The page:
The factory owner, Gérard, is depicted first with Claude, his wife, at a dinner party, then with Jorge, his Chilean chauffeur; lastly, as he wanders alone around his house. Just as Claude and Jorge are portrayed in their own right and through their own thoughts, so too are Fernando’s sex-therapist, Marcel’s fiancée, Bobrán’s German lover, Eric’s Saturday-night date, Jean’s wife, Philippe’s sister, etc.: the secondary characters are much more than cameos. By the end of the novel, the reader has encountered over a hundred people, a shifting mosaic of 1970s Europe.

Responses to November from early readers: family, friends and strangers

a) From (not-to-be-trusted?) friends and family:

Teresa, my partner, a day after she finished reading Part Three,
‘Sai? Mi mancano quei ragazzi…’ (You know? I’m missing those guys…).

Amma, after reading the first 280 pages in the space of three days:
‘There’s something about it I don’t quite like. When can I see some more?’

John, on receiving the first 500 pages:
‘It’s the real deal.’

Piers (who once worked in a plastics die-casting factory), after reading the first two parts: ‘It works. The whole thing works.’

Liz, who provided encouragement, chapter by chapter, and also on occasion some bracing feedback, triggering a couple of whole-chapter redrafts:
‘This novel is a masterpiece. The sheer linguistic exuberance leaves you wanting yet more. I look forward to the sequel.’

Edward, ‘it’s a novel that subverts the notion of the “common man”’.


b) From people not known to me – at least at the time they read November:

Anonymous reader for Dalkey, quoted (surely unreliably!) by the publisher:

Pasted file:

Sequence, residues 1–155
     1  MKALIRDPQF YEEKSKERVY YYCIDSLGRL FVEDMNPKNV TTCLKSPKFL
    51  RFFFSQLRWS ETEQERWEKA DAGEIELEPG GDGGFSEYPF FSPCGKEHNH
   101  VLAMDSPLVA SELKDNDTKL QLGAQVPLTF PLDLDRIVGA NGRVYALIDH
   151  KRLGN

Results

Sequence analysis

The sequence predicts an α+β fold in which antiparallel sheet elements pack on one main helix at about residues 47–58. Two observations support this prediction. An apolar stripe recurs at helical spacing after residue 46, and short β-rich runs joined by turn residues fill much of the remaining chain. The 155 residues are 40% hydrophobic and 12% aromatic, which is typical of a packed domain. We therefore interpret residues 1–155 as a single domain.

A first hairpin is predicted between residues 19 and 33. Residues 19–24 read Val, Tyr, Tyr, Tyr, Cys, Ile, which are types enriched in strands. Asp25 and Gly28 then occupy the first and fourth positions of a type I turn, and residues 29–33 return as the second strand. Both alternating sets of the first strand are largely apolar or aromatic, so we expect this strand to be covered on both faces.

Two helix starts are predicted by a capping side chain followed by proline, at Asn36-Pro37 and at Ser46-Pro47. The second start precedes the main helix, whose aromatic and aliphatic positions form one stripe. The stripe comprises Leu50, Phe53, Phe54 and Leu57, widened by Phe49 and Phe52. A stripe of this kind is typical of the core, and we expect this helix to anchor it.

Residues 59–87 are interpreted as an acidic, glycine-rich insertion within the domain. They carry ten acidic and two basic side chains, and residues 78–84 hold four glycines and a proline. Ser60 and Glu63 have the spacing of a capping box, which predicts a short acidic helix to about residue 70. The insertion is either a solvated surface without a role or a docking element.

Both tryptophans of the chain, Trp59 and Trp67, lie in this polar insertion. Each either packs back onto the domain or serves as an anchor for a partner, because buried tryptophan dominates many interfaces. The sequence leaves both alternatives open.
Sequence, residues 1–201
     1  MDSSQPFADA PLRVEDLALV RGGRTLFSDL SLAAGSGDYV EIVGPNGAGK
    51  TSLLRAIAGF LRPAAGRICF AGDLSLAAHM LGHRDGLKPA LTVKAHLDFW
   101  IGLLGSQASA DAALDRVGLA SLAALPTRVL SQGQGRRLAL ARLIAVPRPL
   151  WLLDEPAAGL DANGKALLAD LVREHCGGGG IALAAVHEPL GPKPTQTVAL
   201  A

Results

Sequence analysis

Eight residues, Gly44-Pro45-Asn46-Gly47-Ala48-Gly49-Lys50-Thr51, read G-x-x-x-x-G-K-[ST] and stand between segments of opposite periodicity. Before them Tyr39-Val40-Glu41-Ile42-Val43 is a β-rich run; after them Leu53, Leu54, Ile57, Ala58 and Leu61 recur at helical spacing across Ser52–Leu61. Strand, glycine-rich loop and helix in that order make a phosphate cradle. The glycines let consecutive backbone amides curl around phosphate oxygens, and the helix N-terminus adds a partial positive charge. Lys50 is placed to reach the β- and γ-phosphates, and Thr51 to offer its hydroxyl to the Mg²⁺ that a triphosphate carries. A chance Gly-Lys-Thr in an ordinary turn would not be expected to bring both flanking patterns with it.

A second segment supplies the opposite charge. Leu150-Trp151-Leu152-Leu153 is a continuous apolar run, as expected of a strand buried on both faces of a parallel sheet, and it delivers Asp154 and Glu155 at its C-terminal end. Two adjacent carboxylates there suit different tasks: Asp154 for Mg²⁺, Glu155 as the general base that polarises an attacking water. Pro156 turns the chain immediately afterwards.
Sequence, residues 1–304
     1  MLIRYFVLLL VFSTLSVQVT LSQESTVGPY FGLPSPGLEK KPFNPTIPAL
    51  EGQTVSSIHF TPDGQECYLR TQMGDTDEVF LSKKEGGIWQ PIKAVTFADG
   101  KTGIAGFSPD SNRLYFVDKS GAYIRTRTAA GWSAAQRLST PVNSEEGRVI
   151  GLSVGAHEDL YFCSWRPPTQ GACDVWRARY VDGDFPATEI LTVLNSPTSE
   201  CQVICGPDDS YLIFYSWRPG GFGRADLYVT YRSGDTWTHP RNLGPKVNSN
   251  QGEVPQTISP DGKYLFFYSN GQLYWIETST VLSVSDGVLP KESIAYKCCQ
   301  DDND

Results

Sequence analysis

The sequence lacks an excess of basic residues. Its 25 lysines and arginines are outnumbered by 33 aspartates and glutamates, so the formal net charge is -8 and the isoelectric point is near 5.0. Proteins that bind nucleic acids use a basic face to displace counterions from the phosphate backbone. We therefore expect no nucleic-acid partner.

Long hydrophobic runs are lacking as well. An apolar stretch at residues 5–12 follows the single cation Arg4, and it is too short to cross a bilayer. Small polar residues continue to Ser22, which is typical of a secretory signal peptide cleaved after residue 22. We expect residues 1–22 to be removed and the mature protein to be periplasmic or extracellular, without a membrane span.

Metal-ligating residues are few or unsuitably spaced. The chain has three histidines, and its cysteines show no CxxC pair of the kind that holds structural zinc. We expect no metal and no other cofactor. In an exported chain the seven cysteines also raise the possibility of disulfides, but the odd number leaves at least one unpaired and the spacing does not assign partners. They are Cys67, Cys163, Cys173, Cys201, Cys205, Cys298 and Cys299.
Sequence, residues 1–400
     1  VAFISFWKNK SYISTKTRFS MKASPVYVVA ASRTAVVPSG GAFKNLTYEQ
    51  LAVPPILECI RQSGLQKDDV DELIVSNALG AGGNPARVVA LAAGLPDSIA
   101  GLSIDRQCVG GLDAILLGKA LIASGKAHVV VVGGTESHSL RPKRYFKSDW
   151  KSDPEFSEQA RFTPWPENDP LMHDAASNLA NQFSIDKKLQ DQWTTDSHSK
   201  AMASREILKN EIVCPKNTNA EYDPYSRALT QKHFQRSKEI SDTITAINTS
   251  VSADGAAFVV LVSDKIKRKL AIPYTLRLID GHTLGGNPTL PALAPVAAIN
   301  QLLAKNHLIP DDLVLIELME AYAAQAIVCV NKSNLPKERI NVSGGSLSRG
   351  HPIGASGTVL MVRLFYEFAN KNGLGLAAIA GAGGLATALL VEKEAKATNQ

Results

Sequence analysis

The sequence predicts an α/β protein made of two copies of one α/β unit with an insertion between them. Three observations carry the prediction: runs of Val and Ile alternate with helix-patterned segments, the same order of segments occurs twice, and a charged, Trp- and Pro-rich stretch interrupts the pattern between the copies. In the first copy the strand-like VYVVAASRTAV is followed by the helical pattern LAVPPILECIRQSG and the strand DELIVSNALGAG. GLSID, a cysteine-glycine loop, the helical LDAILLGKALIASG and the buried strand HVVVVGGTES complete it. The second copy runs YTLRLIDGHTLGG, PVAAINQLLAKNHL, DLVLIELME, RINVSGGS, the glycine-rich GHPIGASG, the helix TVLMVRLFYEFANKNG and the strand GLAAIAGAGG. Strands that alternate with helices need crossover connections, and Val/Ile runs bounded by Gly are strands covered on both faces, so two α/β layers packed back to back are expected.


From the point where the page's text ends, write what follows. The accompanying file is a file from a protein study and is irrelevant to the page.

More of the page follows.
‘the greatest work since Homer’.

Another anonymous reader for Dalkey, quoted in the same email:
‘absolutely no way [should you consider publishing that novel]!’

Paul: ‘As I read it, I felt I was weaving the threads of the characters’ lives into a tapestry.’
Later: ‘Many thanks for such a grand read. I wanted it to continue and to find out more of the loves and lives of the characters (even Jean!). A joy!’

Donald, after reading the first two parts (in 2008):
‘I have never come across any such writing nor have I seen such risks as it takes, and at the same time I felt completely engaged with the interior world of each individual… its absolute originality is dynamically disorienting and… the characters move me deeply.’




The first chapter of November can now be downloaded and printed out for free by clicking on the following link:



To read on, the first thirty-six pages of November can be found on amazon by clicking on the ‘LOOK INSIDE’ feature. A click on the following link will take you straight there:

November excerpt


After that, I’m afraid you’ll just have to purchase the book. Various options for doing that are suggested, unsurprisingly, at ‘Purchase’ on the sidebar.



Full cover

To see November‘s full cover, please click the thumbnail image below: